good fence. An excellent road had been formed 
through the settlement, on each side of which 
stood the native cottages. On being conducted 
to the house of the principal chief, we found a 
baked pig, smoking hot, upon a table-cloth of 
leaves, with a liberal supply of yams, taro, and 
other vegetables, awaiting our arrival. Having 
made a hearty meal, the chief presented us with a 
small quantity of native cloth, as an expression 
of the pleasure he felt in receiving under his 
roof persons from a far country, who had brought 
him the word of salvation. 

We had no sooner returned to the houses of 
the teachers, than the whole of the professors 
of Christianity were introduced to us; every 
one bearing a small present of native cloth or 
food, and giving us a welcome by a hearty shake 
of the hand. 

We were delighted with the appearance they 
presented ; the females being dressed in beauti- 
fully white cloth, which Faaruea, the teacher's 
wife from Raiatea, had taught them to make, 
and in bonnets of then own manufacture ; whilst 
the men wore their native tiputas, with the 
addition of a straw hat. In the afternoon we 
held a public service, when about eight hundred 
were present, many of whom were still heathen ; 
and these presented a striking contrast to the 
Christian part of the community, having long 
beards and long hair, and being dressed with all 
the fantastic wildness of heathen taste. They 
behaved, however, with decorum, while I 
preached to them from my favourite text, " This 
is a faithful saying, and worthy of all accepta- 
tion," &c. As their language bears a close 
affinity to the Rarotongan, I addressed them in 
that dialect. The congregation sang most lustily,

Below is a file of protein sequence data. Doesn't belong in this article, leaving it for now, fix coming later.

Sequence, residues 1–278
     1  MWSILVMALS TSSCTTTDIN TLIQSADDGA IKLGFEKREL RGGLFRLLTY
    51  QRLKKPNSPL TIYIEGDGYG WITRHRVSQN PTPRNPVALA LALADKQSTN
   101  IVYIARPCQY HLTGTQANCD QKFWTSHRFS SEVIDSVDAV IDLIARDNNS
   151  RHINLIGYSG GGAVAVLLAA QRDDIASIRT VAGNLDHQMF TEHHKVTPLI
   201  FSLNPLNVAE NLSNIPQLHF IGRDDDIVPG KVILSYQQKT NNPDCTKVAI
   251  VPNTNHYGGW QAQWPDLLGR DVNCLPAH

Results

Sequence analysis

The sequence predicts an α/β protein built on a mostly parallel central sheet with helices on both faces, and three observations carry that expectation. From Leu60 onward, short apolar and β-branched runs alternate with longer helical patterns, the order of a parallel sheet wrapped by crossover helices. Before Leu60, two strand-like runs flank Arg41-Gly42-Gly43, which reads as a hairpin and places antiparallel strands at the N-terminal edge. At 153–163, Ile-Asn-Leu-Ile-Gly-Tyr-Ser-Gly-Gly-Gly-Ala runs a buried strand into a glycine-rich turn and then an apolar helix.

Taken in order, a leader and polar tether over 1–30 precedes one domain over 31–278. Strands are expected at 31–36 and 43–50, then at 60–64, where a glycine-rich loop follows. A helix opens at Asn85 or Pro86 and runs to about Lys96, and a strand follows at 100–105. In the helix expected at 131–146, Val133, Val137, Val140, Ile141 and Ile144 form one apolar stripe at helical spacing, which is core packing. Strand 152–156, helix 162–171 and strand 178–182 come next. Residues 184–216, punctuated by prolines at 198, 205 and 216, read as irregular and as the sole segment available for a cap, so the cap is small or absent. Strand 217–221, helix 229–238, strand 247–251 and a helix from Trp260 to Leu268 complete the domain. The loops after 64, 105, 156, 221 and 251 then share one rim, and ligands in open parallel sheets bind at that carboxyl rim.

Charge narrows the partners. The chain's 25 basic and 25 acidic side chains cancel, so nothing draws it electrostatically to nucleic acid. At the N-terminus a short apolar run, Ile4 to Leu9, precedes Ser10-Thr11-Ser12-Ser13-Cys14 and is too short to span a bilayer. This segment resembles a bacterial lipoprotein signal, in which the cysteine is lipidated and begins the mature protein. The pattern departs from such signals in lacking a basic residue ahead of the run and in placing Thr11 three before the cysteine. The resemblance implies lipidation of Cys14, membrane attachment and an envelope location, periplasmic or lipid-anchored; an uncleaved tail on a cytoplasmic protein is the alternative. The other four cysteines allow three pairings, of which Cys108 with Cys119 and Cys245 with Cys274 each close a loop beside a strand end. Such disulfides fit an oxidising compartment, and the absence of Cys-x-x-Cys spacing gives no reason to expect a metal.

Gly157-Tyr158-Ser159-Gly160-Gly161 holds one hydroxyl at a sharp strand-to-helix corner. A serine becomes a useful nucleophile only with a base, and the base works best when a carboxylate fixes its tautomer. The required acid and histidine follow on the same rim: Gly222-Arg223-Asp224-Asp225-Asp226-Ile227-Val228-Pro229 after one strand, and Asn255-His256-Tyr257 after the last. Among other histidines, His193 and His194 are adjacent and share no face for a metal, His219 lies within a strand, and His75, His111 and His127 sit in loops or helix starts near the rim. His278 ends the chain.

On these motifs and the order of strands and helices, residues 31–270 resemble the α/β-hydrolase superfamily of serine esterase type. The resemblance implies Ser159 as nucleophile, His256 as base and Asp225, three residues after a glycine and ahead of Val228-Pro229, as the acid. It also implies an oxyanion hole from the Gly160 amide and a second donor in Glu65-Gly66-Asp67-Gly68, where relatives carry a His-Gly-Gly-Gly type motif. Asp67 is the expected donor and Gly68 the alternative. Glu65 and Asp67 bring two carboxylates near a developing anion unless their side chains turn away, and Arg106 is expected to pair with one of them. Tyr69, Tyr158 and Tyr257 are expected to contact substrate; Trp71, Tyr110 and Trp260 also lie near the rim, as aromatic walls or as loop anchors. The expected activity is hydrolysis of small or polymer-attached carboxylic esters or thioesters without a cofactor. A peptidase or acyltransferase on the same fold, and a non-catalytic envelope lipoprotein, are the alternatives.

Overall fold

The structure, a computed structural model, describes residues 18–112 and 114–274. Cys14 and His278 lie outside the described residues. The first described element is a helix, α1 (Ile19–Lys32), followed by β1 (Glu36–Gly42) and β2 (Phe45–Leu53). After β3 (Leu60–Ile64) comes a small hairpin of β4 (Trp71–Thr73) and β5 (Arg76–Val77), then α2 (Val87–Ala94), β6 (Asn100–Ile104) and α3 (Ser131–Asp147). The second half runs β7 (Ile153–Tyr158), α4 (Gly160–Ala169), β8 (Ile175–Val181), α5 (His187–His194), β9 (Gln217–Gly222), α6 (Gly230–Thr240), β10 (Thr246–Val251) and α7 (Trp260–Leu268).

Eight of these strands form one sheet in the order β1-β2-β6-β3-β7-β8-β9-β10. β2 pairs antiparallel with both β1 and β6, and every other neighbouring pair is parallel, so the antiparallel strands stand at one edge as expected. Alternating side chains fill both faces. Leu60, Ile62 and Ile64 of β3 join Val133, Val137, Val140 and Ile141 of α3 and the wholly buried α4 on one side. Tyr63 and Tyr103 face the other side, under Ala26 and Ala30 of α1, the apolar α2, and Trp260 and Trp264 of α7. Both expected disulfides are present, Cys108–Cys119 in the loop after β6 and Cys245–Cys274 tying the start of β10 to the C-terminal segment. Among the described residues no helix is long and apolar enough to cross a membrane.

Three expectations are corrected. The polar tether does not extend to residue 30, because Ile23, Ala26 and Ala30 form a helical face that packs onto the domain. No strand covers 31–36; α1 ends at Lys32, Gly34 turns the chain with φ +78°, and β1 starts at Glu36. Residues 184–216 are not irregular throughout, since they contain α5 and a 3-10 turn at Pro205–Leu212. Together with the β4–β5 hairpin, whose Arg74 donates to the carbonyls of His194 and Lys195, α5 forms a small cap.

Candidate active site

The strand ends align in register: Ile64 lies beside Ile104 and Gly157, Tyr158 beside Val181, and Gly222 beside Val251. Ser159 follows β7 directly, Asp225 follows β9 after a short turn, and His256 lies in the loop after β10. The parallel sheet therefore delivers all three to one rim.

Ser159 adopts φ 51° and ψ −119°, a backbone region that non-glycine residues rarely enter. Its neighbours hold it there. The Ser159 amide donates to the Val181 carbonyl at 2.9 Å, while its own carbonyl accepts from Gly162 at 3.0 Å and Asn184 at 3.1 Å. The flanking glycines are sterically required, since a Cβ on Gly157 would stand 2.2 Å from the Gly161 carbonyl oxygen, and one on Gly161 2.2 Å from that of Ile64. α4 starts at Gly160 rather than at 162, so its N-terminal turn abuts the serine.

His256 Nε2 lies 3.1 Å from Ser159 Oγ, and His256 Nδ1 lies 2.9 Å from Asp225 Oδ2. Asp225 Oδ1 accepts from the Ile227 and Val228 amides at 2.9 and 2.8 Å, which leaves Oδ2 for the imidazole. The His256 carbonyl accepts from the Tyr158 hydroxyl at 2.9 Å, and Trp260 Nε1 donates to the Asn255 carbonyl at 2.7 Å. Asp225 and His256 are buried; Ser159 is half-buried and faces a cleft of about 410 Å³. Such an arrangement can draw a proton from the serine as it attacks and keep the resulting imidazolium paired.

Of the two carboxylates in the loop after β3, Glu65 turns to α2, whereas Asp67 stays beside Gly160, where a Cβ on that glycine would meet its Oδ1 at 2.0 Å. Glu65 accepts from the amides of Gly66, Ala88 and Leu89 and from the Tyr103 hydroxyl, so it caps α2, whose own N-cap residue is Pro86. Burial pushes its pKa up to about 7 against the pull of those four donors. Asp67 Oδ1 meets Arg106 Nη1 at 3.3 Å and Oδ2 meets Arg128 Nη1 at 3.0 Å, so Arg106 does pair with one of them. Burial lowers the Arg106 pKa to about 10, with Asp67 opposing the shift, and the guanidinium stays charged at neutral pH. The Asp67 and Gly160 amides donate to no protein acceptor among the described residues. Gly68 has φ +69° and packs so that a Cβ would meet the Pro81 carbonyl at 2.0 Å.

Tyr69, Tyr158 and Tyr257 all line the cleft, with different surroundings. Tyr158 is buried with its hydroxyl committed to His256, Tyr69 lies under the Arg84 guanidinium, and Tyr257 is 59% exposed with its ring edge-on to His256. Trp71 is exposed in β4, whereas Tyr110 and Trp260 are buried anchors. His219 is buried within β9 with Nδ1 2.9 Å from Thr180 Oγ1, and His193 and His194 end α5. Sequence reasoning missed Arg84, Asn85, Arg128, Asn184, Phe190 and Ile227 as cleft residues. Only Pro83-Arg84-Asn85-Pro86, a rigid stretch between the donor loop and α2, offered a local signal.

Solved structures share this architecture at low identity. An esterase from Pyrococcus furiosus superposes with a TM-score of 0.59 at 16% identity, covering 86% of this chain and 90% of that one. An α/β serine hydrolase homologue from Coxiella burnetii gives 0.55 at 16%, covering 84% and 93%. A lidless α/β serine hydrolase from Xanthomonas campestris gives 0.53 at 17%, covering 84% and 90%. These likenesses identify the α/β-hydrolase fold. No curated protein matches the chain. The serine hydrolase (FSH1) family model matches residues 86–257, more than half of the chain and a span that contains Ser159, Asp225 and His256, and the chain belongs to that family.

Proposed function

and, although we could not admire the harmony of 
their music, the energy with which they exerted 
their lungs was gratifying, for they endeavoured 
to compensate for the absence of harmonic 
sounds, by the hearty manner in which they 
raised their sonorous and powerful voices. 
Before daybreak the following morning, we 
were awoke by the chit-chat of a number of 
persona outside the house, who, it appears, had 



brought their mats, and slept on them under 
our bed-room windows, in order to be near us. 
Faaruea and his wife, teachers whom I had 
originally intended for the Navigator group, 
had, at the earnest solicitation of the inhabi- 
tants, been left by Mr. Piatt at this island, until 
we should call for them. To these the chiefs 
and people had, by this time, formed so strong 
an attachment, especially the women to the wife 
of Faaruea, that the heathen universally united 
with the Christians in entreating that I would 
allow them to remain. Unable to resist their 
importunity, and convinced that it was wiser to 
take good care of stations already formed, than 
to neglect them in order to extend our labours, 
I consented to their request, although I was 
grieved at losing so valuable a labourer from the 
Navigators' Island mission. 

It will be recollected that, on our first visit, 
the teachers' wives met with such rude treat- 
ment, that we were obliged to abandon our 
intention of leaving them, and also that, on our 
return home, we took the first opportunity of 
sending two single men to commence the work 
of instruction among this wild and violent 
people. I have already given an account of 
the Providence that had prepared the way 
before them, and the kind reception with which 
they consequently met. Tiere, one of these, 
died about two years and a half after his arrival ; 
to him the people were strongly attached, and 
would, in all probability, have soon embraced 
the truth, had his life been prolonged ; his death, 
therefore, was a great loss to the mission. The 
good work, however, had proceeded gradually 
since that period, so that, on our arrival, we 
found five hundred persons enjoying the bless- 
ings of Christian instruction. 

We were grieved to hear from the teachers 
that they had suffered much annoyance from 
the heathen, who frequently came on the Sab- 
bath and performed their dances and games, in 
contempt of the Christians, near the place where 
they were accustomed to worship. They were